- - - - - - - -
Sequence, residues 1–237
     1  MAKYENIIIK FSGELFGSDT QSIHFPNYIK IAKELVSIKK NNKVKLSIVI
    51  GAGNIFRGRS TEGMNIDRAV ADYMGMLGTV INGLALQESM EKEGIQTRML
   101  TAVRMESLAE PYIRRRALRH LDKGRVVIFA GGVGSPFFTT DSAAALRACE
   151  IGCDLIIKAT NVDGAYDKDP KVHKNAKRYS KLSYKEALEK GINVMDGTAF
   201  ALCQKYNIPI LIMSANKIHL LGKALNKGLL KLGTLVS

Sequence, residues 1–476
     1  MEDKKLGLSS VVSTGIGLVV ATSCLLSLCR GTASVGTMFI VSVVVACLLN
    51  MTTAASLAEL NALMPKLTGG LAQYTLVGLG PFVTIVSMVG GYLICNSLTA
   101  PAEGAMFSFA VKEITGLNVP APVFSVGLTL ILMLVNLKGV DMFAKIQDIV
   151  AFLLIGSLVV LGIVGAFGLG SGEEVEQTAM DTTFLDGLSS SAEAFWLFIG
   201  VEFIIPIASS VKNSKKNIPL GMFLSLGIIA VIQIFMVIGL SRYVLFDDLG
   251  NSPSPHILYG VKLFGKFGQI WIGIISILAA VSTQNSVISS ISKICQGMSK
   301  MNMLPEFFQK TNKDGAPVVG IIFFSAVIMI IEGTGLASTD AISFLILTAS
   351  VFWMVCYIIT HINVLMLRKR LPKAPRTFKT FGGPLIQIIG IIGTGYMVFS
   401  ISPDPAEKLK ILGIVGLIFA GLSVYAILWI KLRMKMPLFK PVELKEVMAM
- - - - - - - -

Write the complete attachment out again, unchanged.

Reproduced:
Sequence, residues 1–237
     1  MAKYENIIIK FSGELFGSDT QSIHFPNYIK IAKELVSIKK NNKVKLSIVI
    51  GAGNIFRGRS TEGMNIDRAV ADYMGMLGTV INGLALQESM EKEGIQTRML
   101  TAVRMESLAE PYIRRRALRH LDKGRVVIFA GGVGSPFFTT DSAAALRACE
   151  IGCDLIIKAT NVDGAYDKDP KVHKNAKRYS KLSYKEALEK GINVMDGTAF
   201  ALCQKYNIPI LIMSANKIHL LGKALNKGLL KLGTLVS

Sequence, residues 1–476
     1  MEDKKLGLSS VVSTGIGLVV ATSCLLSLCR GTASVGTMFI VSVVVACLLN
    51  MTTAASLAEL NALMPKLTGG LAQYTLVGLG PFVTIVSMVG GYLICNSLTA
   101  PAEGAMFSFA VKEITGLNVP APVFSVGLTL ILMLVNLKGV DMFAKIQDIV
   151  AFLLIGSLVV LGIVGAFGLG SGEEVEQTAM DTTFLDGLSS SAEAFWLFIG
   201  VEFIIPIASS VKNSKKNIPL GMFLSLGIIA VIQIFMVIGL SRYVLFDDLG
   251  NSPSPHILYG VKLFGKFGQI WIGIISILAA VSTQNSVISS ISKICQGMSK
   301  MNMLPEFFQK TNKDGAPVVG IIFFSAVIMI IEGTGLASTD AISFLILTAS
   351  VFWMVCYIIT HINVLMLRKR LPKAPRTFKT FGGPLIQIIG IIGTGYMVFS
   401  ISPDPAEKLK ILGIVGLIFA GLSVYAILWI KLRMKMPLFK PVELKEVMAM